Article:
Australia rates among the world's highest per capita carbon dioxide emitters in new figures released by British researchers.
In 2011, Australia recorded 17.3 tonnes of carbon dioxide emissions per person, on par with the US, a team of specialist climate change researchers at the University of East Anglia has reported.
"The United States, Canada and Australia are really the three [countries] that have much bigger emissions per person than any other."
The melting of polar ice caps raised sea levels by nearly 11 millimetres in the past two decades, scientists say, calling it the most definitive measure yet of the impact of climate change.
There have been more than 30 previous estimates of whether and how much the ice caps are shrinking. But the numbers were often vague, with wide ranges, and different studies sometimes contradicted each other, the researchers said.
The new study, released November 30, in the US journal Science, combines data from 10 different satellites since 1992, carefully matching up time periods and geographical locations to make a more accurate and wider-ranging assessment.
The figure - among the most alarming of the latest forecasts by climate scientists - is at least double the 2C target set by UN members struggling for a global deal on climate change.
In 2011, global carbon emissions were 54 per cent above 1990 levels, according to the research, published in the journal, Nature Climate Change, by the Global Carbon Project consortium.
The world is on the cusp of a "tipping point" into dangerous climate change, according to new data gathered by scientists measuring methane leaking from the Arctic permafrost and a report presented to the United Nations on Tuesday.
"The permafrost carbon feedback is irreversible on human time scales," says the report, Policy Implications of Warming Permafrost. "Overall, these observations indicate that large-scale thawing of permafrost may already have started."
While countries the size of Australia tally up their greenhouse emissions in hundreds of millions of tonnes, the Arctic's stores are measured in tens of billions.
The genetic make-up of corals will be studied in Australia and Saudi Arabia to understand how they may one day be able to survive climate change.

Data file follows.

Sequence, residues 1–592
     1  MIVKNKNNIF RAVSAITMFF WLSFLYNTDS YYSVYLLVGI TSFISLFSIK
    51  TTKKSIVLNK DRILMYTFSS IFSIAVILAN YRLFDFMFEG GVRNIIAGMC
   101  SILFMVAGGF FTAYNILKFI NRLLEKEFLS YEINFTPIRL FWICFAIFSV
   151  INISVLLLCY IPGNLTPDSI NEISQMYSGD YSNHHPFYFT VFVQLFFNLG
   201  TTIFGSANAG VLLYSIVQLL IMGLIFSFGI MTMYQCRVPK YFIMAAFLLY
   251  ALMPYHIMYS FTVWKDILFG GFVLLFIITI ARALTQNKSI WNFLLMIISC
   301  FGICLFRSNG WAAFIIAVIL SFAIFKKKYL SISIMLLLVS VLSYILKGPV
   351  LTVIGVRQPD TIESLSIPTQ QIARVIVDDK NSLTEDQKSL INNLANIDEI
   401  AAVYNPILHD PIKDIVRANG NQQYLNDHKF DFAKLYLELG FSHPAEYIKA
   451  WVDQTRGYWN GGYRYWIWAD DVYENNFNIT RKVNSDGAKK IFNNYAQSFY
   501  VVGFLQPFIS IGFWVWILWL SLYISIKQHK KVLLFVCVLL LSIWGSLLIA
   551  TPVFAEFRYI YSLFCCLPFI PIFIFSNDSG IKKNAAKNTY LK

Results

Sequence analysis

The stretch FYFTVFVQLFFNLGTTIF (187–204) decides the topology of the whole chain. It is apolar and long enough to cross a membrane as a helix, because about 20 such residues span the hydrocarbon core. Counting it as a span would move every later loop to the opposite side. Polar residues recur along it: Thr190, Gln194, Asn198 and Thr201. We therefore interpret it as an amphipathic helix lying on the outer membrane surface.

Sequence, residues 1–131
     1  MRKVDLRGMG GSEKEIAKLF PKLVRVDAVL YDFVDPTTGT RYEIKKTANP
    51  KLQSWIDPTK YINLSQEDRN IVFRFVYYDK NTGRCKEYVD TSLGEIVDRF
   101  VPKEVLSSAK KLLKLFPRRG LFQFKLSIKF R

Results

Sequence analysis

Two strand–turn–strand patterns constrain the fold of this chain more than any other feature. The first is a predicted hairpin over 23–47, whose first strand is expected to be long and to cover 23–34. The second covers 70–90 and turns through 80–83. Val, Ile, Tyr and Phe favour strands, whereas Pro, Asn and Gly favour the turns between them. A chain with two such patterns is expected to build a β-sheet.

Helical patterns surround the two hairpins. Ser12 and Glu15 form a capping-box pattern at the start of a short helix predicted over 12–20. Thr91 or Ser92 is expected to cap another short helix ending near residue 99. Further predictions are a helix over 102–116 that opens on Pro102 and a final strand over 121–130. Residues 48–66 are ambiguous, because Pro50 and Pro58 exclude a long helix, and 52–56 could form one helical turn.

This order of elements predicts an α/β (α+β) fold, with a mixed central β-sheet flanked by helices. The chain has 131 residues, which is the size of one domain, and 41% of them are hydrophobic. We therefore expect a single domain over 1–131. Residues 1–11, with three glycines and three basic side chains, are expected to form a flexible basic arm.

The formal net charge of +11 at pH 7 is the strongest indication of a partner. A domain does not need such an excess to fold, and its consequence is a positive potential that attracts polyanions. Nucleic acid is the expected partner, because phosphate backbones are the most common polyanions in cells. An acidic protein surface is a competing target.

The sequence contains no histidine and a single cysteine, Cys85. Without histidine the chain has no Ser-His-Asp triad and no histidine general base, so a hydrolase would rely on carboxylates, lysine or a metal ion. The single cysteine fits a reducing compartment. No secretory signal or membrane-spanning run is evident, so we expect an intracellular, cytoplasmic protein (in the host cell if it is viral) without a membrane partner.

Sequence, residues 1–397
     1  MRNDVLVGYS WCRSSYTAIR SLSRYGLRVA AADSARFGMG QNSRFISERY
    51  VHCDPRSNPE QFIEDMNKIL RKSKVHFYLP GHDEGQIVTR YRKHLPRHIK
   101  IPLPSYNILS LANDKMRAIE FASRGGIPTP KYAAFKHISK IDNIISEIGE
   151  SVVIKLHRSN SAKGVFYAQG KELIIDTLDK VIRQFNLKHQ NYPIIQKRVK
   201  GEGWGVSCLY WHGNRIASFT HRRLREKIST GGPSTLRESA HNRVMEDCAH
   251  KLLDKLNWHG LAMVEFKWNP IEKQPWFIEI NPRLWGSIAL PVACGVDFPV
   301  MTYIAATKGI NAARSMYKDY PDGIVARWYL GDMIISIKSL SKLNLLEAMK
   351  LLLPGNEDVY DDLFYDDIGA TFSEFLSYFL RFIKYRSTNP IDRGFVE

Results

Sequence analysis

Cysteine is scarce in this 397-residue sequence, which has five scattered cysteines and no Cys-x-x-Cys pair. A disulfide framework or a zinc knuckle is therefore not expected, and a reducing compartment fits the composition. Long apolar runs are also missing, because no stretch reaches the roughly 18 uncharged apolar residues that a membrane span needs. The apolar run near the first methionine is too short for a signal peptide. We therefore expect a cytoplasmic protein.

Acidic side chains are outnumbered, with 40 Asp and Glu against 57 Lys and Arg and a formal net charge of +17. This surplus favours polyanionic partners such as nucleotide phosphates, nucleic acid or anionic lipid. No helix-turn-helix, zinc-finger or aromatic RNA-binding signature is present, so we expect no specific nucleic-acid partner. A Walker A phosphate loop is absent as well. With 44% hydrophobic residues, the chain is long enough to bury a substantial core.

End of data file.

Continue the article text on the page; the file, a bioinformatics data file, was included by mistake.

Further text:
Scientists say over the past century the world's water temperatures have increased by 0.8C, leading to increased acidity and coral bleaching.
Now researchers want to understand why some species die from bleaching in the Great Barrier Reef when temperatures rise in summer, but can survive in the Red Sea in Saudi Arabia, where the water is on average eight degrees hotter.
What will the world look like in 40 years time. In 2052, will we have enough food and water? Will there be too many people? Will our standard of living be higher. Will we have taken decisive action on climate change.
To briefly summarise Jorgen Randers, the renowned Norwegian futurist, the broad answers to those are yes, yes, maybe, no and no. But it’s the way he reaches those conclusions that makes his latest book 2052: A global forecast for the next forty years, so compelling.
Randers made his name as the co-author of the book “The Limits to Growth”, which underpinned the Club of Rome’s work on resource depletion and helped spawn the sustainability movement. Not that he thinks the book and his work had that much impact. “I spent 40 years working on sustainability and failed. The world today is a much less sustainable world,” he lamented during a visit to Australia this week.
The world will have to cut the rate of carbon emissions by an unprecedented rate to 2050 to stop global temperatures from rising more than 2 degrees this century, a report released by PwC on Monday showed.
PwC's annual Low Carbon Economy Index report examined the progress of developed and emerging economies towards reducing their carbon intensity, or their emissions per unit of gross domestic product.
Global temperatures have already risen by about 0.8 degrees Celsius above pre-industrial times. Almost 200 nations agreed in 2010 at United Nations climate talks to limit the rise to below 2 degrees C (3.6 Fahrenheit) to avoid dangerous impacts from climate change.
The next United Nations climate report will ''scare the wits out of everyone'' and should provide the impetus needed for the world to finally sign an agreement to tackle global warming, the former head of the UN negotiations said.
Yvo de Boer, the UN climate chief during the 2009 Copenhagen climate change talks, said his conversations with scientists working on the next report of the Intergovernmental Panel on Climate Change suggested the findings would be shocking.
Read more: http://www.brisbanetimes.com.au/environment/climate-change/former-un-official-says-climate-report-will-shock-nations-into-action-20121106-28w5c.html
Australia's greenhouse gas emissions rose 0.4 per cent in the 12 months to June, data showed Friday, amid increased deforestation and higher emissions from agriculture and aviation.
The country emitted 577.8 million tonnes of CO2 equivalent over the 12-month period, the Department of Climate Change said Friday, an increase of 2.3 million tonnes year-on-year.
The Climate Institute says government and business have much to do to protect Australia's infrastructure from damage in natural disasters.
Science shows that as sea levels and global temperature rise, the frequency of extreme floods, droughts and bushfires will rise exponentially.